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GPS-derived Total Electron Content (TEC) is an integrated quantity; hence it is difficult to relate the detection of ionospheric perturbations in TEC to a precise altitude. As TEC is weighted by the maximum ionospheric density, the corresponding altitude (hmF2) is, generally, assumed as the perturbation detection altitude. To investigate the validity of this assumption in detail, we conduct an accurate analysis of the GPS-TEC measured early ionospheric signatures related to the vertical surface displacement of the Mw 7.4 Sanriku-Oki earthquake (Sanriku-Oki Tohoku foreshock). Using 3D acoustic ray tracing model to describe the evolution of the propagating seismo-acoustic wave in space and time, we demonstrate how to infer the detection altitude of these early signatures in TEC. We determine that the signatures can be detected at altitudes up to ~130 km below the hmF2. This peculiar behaviour is attributed to the satellite line of sight (LOS) geometry and station location with respect to the source, which allows one to sound the co-seismic ionospheric signatures directly above the rupture area. We show that the early onset times correspond to crossing of the LOS with the acoustic wavefront at lower ionospheric altitudes. To support the proposed approach, we further reconstruct the seismo-acoustic induced ionospheric signatures for a moving satellite in the presence of a geomagnetic field. Both the 3D acoustic ray tracing model and the synthetic waveforms from the 3D coupled model substantiate the observed onset time of the ionospheric signatures. Moreover, our simple 3D acoustic ray tracing approach allows one to extend this analysis to azimuths different than that of the station-source line.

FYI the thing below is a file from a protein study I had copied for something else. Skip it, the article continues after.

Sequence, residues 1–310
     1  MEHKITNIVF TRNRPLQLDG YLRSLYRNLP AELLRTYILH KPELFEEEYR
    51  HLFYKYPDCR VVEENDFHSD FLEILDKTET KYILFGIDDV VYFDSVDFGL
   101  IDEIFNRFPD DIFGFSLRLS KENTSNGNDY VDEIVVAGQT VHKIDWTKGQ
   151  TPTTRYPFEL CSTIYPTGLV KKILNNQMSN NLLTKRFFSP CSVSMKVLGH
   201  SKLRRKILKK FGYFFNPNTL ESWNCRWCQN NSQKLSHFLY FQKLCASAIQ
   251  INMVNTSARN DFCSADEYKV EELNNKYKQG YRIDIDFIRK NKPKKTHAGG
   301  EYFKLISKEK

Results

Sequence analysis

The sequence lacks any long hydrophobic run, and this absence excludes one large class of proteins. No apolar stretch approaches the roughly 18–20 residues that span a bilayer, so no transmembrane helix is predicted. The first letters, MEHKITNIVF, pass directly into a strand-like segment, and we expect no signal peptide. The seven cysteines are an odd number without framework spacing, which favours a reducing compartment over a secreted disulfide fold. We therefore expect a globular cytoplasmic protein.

Creative Commons License

Creative Commons Attribution 4.0 International License
This work is licensed under a Creative Commons Attribution 4.0 International License.